The Government consider that decision-making on individual clinical interventions, using either complementary or more orthodox treatments, is a matter for local national health service providers and practitioners. There are therefore no centrally held records monitoring overall NHS expenditure on complementary and alternative medicines and there are no current plans to change this.
[holding answer 26 June 2006]: The costs of the changes that were announced on the 16 May will depend on a number of factors. New arrangements are currently being developed and discussed with trade unions and staff. Until those discussions have been concluded and the detail of new arrangements agreed it is not possible to confirm or accurately forecast costs. Overall, the changes will free up money to improve front-line services over time.
National health service foundation trusts (NHSFTs) are independent public benefit corporations. The board of directors of each NHSFT is responsible for the performance and success of their organisation. They are subject to a rigorous and transparent regulatory regime operated by Monitor, whose statutory name is the independent regulator of NHSFTs.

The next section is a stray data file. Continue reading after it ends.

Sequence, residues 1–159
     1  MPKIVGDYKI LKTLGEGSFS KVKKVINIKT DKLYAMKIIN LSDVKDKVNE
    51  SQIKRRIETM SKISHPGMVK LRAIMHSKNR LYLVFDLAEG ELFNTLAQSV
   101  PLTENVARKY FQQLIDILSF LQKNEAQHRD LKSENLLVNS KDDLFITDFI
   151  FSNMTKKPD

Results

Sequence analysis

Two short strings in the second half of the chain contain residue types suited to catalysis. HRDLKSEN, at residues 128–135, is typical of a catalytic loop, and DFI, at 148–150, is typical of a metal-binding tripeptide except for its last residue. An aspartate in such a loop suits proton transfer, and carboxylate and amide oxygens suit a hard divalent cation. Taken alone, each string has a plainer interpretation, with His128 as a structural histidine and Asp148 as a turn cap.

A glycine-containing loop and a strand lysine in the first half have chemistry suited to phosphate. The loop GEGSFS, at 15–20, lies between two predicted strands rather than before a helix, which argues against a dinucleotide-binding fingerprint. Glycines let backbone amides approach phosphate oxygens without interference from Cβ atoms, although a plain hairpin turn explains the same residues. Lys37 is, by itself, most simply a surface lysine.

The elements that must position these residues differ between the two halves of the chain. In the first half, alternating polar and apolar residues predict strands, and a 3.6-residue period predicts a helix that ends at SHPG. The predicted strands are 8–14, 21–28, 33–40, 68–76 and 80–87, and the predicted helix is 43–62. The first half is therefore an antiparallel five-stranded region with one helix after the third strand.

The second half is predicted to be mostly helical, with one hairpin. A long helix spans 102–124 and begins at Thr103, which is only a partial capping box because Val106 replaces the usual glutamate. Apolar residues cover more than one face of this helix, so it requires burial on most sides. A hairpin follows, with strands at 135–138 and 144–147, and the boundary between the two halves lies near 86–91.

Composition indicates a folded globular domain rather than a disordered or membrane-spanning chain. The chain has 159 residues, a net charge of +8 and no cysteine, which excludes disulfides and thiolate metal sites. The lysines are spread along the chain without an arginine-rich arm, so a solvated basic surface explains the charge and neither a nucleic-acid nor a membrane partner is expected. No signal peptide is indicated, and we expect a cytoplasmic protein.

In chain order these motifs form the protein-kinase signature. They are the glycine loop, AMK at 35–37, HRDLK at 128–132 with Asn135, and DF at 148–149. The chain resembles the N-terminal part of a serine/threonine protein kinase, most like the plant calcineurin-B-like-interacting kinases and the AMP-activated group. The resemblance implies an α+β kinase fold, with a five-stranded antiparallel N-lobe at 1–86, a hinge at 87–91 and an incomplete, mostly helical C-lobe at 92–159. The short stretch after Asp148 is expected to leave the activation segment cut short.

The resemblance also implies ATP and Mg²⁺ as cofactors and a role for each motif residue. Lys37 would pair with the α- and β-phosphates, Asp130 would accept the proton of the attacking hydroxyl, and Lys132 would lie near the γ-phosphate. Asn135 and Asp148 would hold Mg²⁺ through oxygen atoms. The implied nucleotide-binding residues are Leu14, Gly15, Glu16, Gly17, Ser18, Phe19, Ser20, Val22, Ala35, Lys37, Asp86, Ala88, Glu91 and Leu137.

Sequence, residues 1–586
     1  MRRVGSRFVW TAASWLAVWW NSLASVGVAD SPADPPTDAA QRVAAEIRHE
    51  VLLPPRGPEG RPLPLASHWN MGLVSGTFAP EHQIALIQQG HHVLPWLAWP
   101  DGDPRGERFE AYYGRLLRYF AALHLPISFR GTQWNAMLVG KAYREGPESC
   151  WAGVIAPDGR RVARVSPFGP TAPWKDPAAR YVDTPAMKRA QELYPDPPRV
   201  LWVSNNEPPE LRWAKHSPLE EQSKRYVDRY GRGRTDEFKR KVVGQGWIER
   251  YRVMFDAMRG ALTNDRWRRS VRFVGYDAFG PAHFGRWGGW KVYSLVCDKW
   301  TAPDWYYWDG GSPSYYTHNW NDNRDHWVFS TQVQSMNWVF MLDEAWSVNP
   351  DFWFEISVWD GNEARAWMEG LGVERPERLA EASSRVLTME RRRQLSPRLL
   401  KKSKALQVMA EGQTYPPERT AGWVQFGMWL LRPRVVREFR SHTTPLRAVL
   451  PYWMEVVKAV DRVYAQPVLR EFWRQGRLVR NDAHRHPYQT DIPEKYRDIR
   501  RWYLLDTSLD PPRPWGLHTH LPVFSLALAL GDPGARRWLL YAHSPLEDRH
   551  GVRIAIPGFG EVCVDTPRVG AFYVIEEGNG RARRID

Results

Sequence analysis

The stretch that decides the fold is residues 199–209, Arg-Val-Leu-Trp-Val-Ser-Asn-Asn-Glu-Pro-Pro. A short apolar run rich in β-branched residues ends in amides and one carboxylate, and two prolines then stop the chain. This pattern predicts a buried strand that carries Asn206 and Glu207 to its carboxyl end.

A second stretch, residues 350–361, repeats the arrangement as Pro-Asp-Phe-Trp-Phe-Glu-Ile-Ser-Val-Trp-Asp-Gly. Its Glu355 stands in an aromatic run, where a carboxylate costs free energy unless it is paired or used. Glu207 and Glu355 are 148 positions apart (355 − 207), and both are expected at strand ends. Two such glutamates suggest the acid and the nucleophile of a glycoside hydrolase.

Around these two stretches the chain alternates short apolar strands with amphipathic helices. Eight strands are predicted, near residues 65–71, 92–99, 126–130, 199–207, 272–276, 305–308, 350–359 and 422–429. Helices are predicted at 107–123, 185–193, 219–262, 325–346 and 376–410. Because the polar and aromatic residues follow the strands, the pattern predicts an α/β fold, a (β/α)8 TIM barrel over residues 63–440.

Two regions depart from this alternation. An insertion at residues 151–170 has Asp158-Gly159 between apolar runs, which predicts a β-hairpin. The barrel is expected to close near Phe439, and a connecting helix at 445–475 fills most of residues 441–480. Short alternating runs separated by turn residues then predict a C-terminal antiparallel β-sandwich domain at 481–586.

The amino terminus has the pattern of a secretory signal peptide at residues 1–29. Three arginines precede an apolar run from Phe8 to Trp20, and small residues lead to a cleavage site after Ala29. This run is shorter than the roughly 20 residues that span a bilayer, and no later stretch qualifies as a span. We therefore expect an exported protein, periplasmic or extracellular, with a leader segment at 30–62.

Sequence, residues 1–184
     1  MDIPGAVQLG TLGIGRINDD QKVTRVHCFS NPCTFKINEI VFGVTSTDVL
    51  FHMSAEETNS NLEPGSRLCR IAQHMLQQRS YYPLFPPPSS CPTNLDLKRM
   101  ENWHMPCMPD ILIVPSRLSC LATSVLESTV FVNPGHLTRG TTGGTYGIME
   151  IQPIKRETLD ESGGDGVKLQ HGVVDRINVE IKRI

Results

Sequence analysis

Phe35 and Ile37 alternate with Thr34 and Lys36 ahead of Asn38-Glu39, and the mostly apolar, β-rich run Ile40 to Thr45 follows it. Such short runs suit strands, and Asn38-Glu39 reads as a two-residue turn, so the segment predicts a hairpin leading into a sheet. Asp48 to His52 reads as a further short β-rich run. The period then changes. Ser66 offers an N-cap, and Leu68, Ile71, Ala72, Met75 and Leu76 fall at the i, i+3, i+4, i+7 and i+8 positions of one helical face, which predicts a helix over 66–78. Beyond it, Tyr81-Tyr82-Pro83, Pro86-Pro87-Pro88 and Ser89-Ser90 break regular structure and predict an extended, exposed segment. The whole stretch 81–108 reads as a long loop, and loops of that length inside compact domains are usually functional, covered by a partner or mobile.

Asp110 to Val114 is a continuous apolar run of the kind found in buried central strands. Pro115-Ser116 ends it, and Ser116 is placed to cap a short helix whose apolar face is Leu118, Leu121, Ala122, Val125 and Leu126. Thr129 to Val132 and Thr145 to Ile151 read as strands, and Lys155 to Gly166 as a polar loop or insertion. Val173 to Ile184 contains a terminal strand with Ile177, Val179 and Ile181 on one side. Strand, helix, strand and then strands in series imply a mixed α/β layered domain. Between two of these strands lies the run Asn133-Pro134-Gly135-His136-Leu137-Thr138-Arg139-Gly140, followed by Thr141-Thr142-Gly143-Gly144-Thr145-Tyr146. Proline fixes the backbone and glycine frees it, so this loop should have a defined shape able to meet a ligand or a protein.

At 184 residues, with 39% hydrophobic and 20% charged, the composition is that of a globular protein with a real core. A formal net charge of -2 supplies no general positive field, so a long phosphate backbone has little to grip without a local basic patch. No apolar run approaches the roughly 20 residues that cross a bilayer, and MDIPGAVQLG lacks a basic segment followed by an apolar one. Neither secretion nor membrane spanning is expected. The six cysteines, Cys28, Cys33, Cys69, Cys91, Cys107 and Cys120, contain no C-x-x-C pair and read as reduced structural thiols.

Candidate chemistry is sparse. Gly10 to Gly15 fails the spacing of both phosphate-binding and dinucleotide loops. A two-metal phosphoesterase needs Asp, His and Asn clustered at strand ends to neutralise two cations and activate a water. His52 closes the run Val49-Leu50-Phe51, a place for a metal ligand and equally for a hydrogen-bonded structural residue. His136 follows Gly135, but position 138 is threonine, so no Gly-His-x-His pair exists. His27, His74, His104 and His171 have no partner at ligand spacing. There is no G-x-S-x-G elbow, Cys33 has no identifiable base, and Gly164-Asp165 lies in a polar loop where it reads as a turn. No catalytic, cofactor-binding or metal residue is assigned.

I am informed by the chairman of Monitor that, on 31 May of each year, NHSFTs are required to submit forward planning information to Monitor. Once it has completed its analysis of the annual plans for the 2006-07 financial year, Monitor will assign financial risk ratings that will guide the intensity of its in-year monitoring. The risk ratings, together with the 2006-07 annual plans for each of the 40 NHSFTs, are due to be published on Monitor's website in September 2006 at www.monitor-nhsft.gov.uk.
NHSFTs with poor financial risk ratings are required by Monitor to prepare and deliver effective plans for financial recovery. University College London Hospital NHS Foundation Trust, which had a deficit of £35.9 million in the 2005-06 financial year, is implementing a financial recovery plan that will return it to break-even by the 2007-08 financial year.